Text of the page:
A little over 250 miles from Atlanta lies the small Southern town of Monroeville. Back when I was a child and my family traveled to visit my paternal grandparents, the main attraction of Monroeville was the Vanity Fair Outlet Store, where the prices of everything were reduced by at least one-half. Today the town is more well-known as a prominent location on the Southern Literary Trail. In 1991, thirty-one years after the publication of Harper Lee’s Pulitzer Prize-winning novel, To Kill a Mockingbird, and twenty-six years after the publication of Truman Capote’s groundbreaking non-fiction novel, In Cold Blood, The Old Courthouse Museum opened to celebrate, along with the other history of the town, the lives and work of these two authors who were childhood friends in Monroeville.
Most of the trip can be made via I-85 in Georgia and I-65 in Alabama. When my friend and I exit at Evergreen on Highway 84 about 100 miles south of Montgomery, the pace becomes more leisurely as we encounter the flat cotton fields, tiny towns like Repton and Belleville, and the occasional slow-moving logging truck that characterize rural roads in this part of the country. The main road leading into town has the typical trappings of the “larger” towns of the rural South today–the Wal-Mart, the McDonald’s, the chain grocery store. As we reach the town square, we are relieved to see still standing the remaining evidence of a bygone time of small individually owned businesses such as the hat shop owned by Capote’s aunt and the courthouse where Lee’s father practiced law.
My friend and I arrive at the town square on an afternoon of a sold out production of the drama based on Lee’s famous novel. The lawn and the courtroom inside, now part of the museum, which served as the model for the 1962 movie production starring Gregory Peck and the relatively unknown Robert Duvall, are ready for that night’s production. A lady with a distinctly Southern accent approaches browsers in the gift shop with an offer to serve on the jury for that night’s performance. Unfortunately, we had not purchased tickets in advance and were forced to decline this opportunity to make our acting debuts.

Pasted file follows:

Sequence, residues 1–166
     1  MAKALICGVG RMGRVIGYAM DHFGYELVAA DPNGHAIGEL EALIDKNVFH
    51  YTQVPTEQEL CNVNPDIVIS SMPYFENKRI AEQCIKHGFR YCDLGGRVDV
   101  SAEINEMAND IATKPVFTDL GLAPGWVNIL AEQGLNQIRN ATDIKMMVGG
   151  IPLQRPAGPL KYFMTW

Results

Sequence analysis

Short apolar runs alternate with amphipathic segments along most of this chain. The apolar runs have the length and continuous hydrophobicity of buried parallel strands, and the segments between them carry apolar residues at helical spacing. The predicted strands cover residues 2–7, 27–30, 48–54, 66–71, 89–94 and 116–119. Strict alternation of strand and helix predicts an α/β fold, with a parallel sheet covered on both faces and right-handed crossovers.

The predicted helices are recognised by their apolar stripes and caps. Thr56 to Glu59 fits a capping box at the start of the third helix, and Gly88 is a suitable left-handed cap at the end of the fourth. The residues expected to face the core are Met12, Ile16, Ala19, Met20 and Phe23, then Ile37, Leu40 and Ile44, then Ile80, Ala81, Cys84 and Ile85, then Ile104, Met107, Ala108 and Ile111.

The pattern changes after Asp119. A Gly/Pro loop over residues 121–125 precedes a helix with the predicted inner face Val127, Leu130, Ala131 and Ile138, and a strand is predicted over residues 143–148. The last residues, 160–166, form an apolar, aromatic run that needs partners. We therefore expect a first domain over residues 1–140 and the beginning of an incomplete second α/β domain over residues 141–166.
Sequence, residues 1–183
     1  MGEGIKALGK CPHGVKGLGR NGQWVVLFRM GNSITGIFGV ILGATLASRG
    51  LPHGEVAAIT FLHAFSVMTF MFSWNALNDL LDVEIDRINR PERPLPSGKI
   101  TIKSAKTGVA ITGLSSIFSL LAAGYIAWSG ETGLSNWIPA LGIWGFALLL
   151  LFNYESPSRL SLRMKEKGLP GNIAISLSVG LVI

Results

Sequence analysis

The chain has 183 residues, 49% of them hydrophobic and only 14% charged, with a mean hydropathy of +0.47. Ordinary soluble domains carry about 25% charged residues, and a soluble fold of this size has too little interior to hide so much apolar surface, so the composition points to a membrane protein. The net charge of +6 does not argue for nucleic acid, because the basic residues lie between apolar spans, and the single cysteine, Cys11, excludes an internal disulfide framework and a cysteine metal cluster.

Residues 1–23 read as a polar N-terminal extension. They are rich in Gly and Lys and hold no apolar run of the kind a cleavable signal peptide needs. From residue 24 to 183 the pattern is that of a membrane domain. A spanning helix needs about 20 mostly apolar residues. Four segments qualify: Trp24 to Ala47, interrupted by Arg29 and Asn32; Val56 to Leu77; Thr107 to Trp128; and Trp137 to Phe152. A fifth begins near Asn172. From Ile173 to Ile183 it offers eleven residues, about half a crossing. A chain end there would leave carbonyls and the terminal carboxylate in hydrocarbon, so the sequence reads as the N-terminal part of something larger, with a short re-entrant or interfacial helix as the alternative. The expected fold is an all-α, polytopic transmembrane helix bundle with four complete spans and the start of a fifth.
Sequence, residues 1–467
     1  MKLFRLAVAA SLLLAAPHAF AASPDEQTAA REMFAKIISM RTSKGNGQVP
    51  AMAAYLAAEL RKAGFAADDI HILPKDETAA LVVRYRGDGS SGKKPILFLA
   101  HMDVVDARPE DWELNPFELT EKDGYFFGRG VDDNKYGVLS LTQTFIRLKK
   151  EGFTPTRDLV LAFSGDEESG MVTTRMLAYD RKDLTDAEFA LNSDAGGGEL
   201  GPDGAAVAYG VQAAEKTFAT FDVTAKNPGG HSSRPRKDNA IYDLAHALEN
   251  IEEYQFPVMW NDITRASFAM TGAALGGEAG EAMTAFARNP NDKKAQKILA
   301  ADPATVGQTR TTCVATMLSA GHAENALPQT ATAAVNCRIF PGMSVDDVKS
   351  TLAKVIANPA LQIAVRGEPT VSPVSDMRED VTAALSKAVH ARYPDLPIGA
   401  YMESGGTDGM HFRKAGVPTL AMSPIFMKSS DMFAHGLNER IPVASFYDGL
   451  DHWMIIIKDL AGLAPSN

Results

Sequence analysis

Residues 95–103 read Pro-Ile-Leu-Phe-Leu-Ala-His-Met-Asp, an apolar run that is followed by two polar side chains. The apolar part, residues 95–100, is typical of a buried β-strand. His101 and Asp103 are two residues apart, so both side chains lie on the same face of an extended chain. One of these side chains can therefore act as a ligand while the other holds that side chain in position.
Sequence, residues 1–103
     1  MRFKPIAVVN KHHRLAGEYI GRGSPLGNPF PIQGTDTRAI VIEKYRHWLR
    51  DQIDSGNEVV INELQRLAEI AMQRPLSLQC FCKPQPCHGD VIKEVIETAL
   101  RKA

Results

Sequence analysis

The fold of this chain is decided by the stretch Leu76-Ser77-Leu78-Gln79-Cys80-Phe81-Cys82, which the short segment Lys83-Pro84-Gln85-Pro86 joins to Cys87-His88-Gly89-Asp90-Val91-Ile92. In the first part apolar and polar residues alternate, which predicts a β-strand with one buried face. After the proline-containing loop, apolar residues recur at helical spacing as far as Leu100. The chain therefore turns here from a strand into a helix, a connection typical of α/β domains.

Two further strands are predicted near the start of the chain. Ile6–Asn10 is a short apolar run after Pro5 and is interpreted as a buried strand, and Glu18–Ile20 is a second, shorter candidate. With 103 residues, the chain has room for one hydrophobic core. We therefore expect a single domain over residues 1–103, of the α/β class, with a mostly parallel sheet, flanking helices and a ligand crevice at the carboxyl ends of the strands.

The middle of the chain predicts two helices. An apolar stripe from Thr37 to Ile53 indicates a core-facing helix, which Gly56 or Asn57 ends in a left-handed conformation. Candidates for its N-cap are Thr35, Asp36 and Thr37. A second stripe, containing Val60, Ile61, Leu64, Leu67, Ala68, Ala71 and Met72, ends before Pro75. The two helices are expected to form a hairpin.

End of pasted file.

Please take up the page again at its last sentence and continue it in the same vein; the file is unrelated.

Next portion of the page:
The museum itself is divided into several sections. We first visit the Capote “room.” Somehow, given the author’s penchant for celebrity, it isn’t surprising to see a photograph of him and Lee Radziwill, sister of Jacqueline Kennedy Onassis, who once visited Alabama with him. A collection of handwritten postcards mailed to his relatives in Alabama are carefully maintained, and photographs taken in his New York apartment feature a handmade quilt and glassware now on display in the museum. Passages from two of his most famous short stories, “A Christmas Memory” and “The Thanksgiving Visitor,” decorate the walls and illustrate the sense of people and place that Capote was so skilled at evoking.
Lee’s “room” is illustrated with photographs of the author and Gregory Peck, who came to town to meet with her as he prepared for his role as Atticus Finch, the main character in her novel. We are treated to photographs of her father, the quintessential small town Southern lawyer, and have the pleasure of comparing them to the famous actor in scenes from the movie. Although Lee still maintains her own apartment in New York, her private quarters are not on display here.
The Old Courthouse Museum provides vivid evidence of the different paths these two childhood friends took. Capote relished the limelight, actively promoted his celebrity status, and cultivated famous friends. He wrote prolifically in numerous genres. On the other hand, Lee is, ironically, partly well-known for her very private life in both Alabama and New York and published only one novel. What is clear, though, is that two people who were children together in a small country town in Alabama had a huge impact on the reading public and continue to do so.
The town of Monroeville is finally capitalizing on that fame, sometimes in ways that perhaps offend the delicate sensibilities of those who see themselves as genteel Southerners. While I understand their sensitivity, I can imagine Radley’s Fountain Grill or the Mockingbird Grill featured as a setting that might fit well into a Flannery O’Connor short story, maybe to be viewed with a roll of the eyes, but finally as a part of a place that’s just proud to be the home of Nelle Harper Lee. Capote, whose life and work, I imagine, breached the comfort level of many natives, does not yet seem to have a café or any other establishment named in his honor.
Many small towns have repurposed their outdated courthouses as museums. They seem to be the perfect building for celebrating a town’s history and perhaps its famous sons and daughters. Does anyone have a “courthouse” museum to recommend?